Melon rinds, chicken bones, even pizza delivery boxes: Three years from now Madison residents could be putting them all curbside in a third household bin for collection and transfer to a city-run biodigester where they would be converted into biogas and compost.
That’s if the City Council approves $20 million — and the "yuck" factor doesn't kill city recycling coordinator George Dreckmann's proposal.
Dreckmann included expenditures for a citywide organic waste composting program — including construction of a biodigester — in a 2014 capital budget proposal sent Friday to Mayor Paul Soglin.
If the funding is approved and the digester is built on the proposed schedule, Madison would be among the first U.S. cities to run its own digester for residential organic waste, Dreckmann said.
He acknowledges the project is expensive, but points out that it would produce energy and compost for use or sale and save the city landfill tipping fees by taking household organic refuse out of the waste stream.
“Veggies you’ve put in tomato sauce, we take it. Something that goes fuzzy in the refrigerator, we take it. If you use a paper towel to mop up a food spill, we take it. Pizza boxes with grease? We love grease!” he said.
The city has been exploring the possibility of building an anaerobic digester for several years. A 2-year-old pilot program that has been picking up organic waste curbside in several neighborhoods and shipping it to a Columbia County digester shows there's demand for such a service, Dreckmann said.
Expansion of the pilot program citywide is the most popular idea — with 272 votes — suggested by the public on a website soliciting ideas for the 2014 budget. Many people commenting on the idea have participated in the pilot program and report that it has worked well for their households.
“It is SO EASY to participate,” enthused one. “What a great ‘green’ effort that Madison would be recognized for, a city-wide rollout, educational opportunity, and teaching children of future generations this looking-forward environmental approach.”
Reviews were mixed on the second part of the public proposal: cutting back on trash pickup from weekly to every other week. Several commenters said they didn’t need more than that with curbside composting; others didn’t want to see a cut in existing trash pickup. “This idea stinks and so will the street,” wrote one commenter.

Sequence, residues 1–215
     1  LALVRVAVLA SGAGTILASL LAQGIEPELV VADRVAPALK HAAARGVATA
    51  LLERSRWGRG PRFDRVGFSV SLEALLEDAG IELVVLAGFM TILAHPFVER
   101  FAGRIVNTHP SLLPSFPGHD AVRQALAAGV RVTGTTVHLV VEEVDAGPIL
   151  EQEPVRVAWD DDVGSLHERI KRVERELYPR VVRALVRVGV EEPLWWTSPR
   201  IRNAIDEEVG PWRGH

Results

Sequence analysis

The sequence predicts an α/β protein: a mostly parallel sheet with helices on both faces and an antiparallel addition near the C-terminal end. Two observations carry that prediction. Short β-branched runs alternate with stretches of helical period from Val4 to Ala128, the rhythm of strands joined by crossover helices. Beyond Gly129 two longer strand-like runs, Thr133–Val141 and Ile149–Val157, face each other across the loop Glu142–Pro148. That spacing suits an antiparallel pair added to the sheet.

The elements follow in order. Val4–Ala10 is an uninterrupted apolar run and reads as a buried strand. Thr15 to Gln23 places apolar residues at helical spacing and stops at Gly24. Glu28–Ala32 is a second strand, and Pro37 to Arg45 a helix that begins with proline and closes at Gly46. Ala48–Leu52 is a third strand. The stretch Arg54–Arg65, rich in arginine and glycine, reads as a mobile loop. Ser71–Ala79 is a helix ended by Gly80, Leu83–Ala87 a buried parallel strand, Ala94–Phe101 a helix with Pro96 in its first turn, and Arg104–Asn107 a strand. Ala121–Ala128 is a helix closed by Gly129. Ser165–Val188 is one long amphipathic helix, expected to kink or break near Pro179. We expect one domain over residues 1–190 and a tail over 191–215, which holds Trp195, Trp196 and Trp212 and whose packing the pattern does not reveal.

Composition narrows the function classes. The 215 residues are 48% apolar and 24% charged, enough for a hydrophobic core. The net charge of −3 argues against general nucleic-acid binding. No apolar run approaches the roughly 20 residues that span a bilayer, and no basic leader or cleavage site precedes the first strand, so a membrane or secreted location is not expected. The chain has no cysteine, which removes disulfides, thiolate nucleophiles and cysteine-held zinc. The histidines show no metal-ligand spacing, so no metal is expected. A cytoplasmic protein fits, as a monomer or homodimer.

Dreckmann’s proposal would reduce trash collection to every other week, with organic waste collection on the alternate weeks. Some pilot program participants have complained about odor and maggots, he admitted.
“There will be some resistance based on the ‘yuck’ factor,” Dreckmann said. “But I think 10 years from now, we will look at this as one of the greatest things we have done.”
Ald. Paul Skidmore, a member of the Public Works Committee, said he would make funding construction of a digester a high priority. “It’s an investment to get it going, but it will pay dividends for the environment and reduce costs. We still have to vet the proposal, but I like the idea.”
Soglin is on record as a long-time supporter of the technology, and worked as a consultant to contractors that build anaerobic digesters before his return to the mayor’s office in 2011. He selected Dreckmann’s idea for a city biodigester as the city’s entry in a national Mayor’s Challenge contest offering big money for the best innovation. (It didn’t win.)
Soglin said he is excited at the prospect of building a digester here in Madison, although he has asked city department managers to limit borrowing in their proposals for the capital budget he will unveil in September.
Dreckmann said the biodigester ideally would be built as part of an existing or new city public works facility to allow electricity produced from the methane gas byproduct of the organic waste decomposition to be used to power, heat and cool it.
Putting the digester near a garage for city vehicles would make it convenient for a new generation of city vehicles to use the biofuel it would produce, he said.
The facility itself would require about 2.5 acres. Possible sites are a vacant supermarket on the far east side the city is proposing to buy to convert to a vehicle maintenance facility and the existing city garage on Sycamore Avenue, Dreckmann said.
His capital budget proposal calls for $15 million for construction of a digester, $3 million for trucks to collect organic waste curbside and $2 million for new carts for residents to use to tote waste to the curb.
The proposed schedule includes site preparation and project bidding in 2014; construction of the digester and ordering the trucks in 2015; and launching the program in 2016.
Getting commercial clients for the program like bakeries, food processors and restaurants would be important to its success, Dreckmann said. His proposal calls for a facility to handle 30,000 tons of food waste a year, potentially including waste from other municipalities, he said.
The technology has been proven in Europe, he said, and demand is growing in the United States, especially in states where landfill tipping fees run as high as $170 per ton. Madison now is paying $40 per ton, but that cost is sure to rise, Dreckmann said. “It’s extremely sustainable technology; it just makes a lot of sense.”